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Clinical Decision Support Improves Patient Clinical Outcomes

Clinical decision support tools have a significant impact on both clinician performance and patient outcomes for many diseases.

Clinical decision support (CDS) tools have positive impacts on patient clinical outcomes and clinician performance when dealing with most diseases, according to a study published in BMC Medical Informatics and Decision Making.

Research showed CDS alerts benefit usability, clinical guideline compliance, patient and clinician cooperation, EHR integration, and real-time prescription alerts.

CDS tools enable prescribers to access real-time patient data, ideally resulting in enhanced patient safety and medication accuracy. CDS tools can also alert prescribers about potential patient warnings to prevent errors and additional adverse drug events from happening.

CDS studies have proven its effectiveness on clinician performance, but the impact on patient outcomes impact is still undefined.

A 45-literature review study showed CDS alerts were effective for patient outcomes and clinician practice performance for many diseases, such as cardiovascular disease, diabetes, and high blood pressure. CDS was also beneficial for other healthcare cases, such as prescribing medications to patients.

For cardiovascular disease, CDS alerts had a positive impact on clinician performance and treatment improvement for anti-inflammatory and lipid-lowering drugs, study authors said. Short message alerts also had a positive impact on patient diet and medication prescribing.

“The system's user-friendliness environment and low running cost have resulted in its efficiency in the care delivery process,” explained the study authors.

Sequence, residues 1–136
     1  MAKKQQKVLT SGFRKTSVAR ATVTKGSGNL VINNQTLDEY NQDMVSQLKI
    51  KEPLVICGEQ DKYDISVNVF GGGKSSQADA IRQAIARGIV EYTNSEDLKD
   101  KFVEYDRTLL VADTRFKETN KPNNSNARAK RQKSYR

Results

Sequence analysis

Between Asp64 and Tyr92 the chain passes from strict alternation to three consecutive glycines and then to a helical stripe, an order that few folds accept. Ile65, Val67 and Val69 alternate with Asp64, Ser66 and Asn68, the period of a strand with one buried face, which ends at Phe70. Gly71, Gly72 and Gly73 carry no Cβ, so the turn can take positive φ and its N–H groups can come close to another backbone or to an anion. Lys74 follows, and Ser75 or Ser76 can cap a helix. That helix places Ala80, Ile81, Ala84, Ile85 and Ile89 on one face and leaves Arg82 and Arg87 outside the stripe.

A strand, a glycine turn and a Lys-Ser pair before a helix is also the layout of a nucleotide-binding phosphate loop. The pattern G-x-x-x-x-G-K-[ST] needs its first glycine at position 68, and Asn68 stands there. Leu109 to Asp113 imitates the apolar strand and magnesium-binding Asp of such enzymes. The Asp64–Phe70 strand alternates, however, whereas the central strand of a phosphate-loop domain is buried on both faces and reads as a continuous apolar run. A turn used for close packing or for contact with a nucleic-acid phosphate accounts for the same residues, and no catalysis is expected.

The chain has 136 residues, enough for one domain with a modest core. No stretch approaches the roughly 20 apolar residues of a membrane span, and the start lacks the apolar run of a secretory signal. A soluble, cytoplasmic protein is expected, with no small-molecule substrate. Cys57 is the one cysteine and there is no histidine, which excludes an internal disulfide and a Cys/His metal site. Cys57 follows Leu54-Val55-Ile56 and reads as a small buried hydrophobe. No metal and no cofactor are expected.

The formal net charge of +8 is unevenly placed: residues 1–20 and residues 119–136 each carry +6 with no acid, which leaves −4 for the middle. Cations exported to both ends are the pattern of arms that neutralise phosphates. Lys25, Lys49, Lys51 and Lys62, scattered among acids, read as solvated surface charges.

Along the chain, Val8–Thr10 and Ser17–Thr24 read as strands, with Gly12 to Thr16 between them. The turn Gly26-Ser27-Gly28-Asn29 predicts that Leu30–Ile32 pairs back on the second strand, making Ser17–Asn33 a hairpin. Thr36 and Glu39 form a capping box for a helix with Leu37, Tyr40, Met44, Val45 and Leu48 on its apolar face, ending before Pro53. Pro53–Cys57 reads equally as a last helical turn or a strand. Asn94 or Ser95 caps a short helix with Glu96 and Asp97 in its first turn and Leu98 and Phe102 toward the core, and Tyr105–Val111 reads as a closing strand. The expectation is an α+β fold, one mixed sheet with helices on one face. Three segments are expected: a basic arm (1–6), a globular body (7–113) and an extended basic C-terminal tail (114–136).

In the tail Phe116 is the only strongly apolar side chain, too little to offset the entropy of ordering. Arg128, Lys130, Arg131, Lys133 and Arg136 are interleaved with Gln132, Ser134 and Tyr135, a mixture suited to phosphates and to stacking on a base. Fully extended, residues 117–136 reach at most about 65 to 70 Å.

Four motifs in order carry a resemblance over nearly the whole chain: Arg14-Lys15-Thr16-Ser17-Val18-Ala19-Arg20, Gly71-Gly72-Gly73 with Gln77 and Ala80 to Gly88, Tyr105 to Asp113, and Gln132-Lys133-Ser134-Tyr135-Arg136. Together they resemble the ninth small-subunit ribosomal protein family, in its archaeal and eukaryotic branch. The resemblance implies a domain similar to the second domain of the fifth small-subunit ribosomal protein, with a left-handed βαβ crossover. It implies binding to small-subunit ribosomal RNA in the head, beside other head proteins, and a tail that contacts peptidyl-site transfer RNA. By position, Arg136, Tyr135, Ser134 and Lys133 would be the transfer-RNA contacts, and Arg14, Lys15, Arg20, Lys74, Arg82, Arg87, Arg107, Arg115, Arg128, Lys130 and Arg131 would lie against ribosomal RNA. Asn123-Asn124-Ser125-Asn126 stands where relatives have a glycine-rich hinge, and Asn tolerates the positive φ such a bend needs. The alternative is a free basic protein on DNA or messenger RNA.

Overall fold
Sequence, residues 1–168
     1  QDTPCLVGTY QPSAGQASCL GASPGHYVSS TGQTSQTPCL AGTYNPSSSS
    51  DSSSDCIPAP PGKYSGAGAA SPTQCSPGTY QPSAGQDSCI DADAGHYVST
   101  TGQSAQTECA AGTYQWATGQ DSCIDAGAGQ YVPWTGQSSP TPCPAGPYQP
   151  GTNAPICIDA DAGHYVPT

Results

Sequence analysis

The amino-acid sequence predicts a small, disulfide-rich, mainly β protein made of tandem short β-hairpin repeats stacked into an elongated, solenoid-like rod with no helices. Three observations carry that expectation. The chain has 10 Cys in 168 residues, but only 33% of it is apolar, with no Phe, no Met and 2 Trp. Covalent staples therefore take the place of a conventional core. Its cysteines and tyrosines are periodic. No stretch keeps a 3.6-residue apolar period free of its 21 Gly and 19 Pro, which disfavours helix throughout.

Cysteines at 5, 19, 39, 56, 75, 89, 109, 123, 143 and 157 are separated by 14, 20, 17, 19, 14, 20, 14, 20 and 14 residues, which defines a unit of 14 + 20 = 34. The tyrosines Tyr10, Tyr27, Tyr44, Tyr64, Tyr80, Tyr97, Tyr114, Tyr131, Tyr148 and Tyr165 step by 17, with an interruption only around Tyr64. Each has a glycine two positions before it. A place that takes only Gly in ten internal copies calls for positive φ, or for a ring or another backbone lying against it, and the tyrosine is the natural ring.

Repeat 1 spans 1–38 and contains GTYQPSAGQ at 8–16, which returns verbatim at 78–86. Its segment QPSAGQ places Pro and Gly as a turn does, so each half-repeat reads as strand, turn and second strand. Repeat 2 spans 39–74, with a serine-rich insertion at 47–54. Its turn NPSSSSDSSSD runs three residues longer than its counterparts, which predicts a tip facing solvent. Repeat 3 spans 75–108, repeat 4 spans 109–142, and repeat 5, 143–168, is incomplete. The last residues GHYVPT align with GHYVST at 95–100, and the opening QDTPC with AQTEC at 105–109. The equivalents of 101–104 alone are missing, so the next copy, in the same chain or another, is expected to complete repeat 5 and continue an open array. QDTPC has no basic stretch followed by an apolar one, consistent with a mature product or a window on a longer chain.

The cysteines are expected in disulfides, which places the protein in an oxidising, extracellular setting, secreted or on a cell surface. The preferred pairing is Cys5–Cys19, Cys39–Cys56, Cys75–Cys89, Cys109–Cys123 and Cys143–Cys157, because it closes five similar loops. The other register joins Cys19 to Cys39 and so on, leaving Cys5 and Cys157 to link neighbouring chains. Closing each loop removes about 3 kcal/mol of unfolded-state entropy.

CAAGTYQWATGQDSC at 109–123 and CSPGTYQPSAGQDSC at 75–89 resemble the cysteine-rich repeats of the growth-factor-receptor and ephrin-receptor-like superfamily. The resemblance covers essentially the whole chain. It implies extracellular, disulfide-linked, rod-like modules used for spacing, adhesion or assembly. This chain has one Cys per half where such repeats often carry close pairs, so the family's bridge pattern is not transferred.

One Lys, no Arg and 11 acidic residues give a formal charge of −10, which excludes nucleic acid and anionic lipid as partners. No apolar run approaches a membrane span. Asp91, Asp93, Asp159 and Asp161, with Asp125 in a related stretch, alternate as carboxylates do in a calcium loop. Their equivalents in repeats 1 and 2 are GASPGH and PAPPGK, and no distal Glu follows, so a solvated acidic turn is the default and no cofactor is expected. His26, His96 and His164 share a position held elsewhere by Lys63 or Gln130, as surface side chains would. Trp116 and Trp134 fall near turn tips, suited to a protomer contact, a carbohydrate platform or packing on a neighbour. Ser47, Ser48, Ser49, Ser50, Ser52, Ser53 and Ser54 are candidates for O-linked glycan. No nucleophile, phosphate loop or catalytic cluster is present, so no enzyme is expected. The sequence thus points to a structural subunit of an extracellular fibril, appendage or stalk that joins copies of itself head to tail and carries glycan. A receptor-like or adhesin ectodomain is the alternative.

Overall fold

For individuals with diabetes, short message alerts improved medication adherence and missed dosage, study authors wrote. Additionally, statin use and other diabetes problem areas improved with increased CDS use.

“The main reason for the effect of CDSS on improving patient adherence seems to be due to the fact that it raises patients’ awareness of taking medication,” explained the researchers.

CDS alerts immediately improved patient outcomes for individuals with hypertension.

Furthermore, CDS alerts had a positive impact on clinician performance when prescribing drugs for patients.

“The results of this study are consistent with the results of Curtis and Shah et al.’s study indicating that relevant CDS, while providing users with performance-related information, reduces patients' harms and errors, and increases physicians’ knowledge and skills,” the study authors explained.

“One of the main reasons for the proton pump's enhanced medication performance was the control of prescription drug dose by physicians as well as equipping pharmacies with CDSS with hard alerts which reduce costs and improve usability.”

However, researchers also found no significant difference between CDS alerts and patient outcomes for other diseases. CDS alerts had no impact on certain malaria patients nor some patients with increased blood potassium levels.

CDS alerts also had adverse effects on individuals who were taking multiple medications. In one example, four patients needed urgent treatment, but CDS alerts resulted in delayed drug treatment.

“We conclude that the unexpected findings of our review may be due to the lack of information about patients with serious infections who require immediate care and the lack of an efficient checklist monitoring the patients’ drug problems,” the research team explained.

Overall, CDS alerts proved positive for patient outcomes and clinician performance due to several factors, such as system user-friendliness, number of patients, and rate of clinical guidelines. However, CDS alerts had no significant impact on some diseases.

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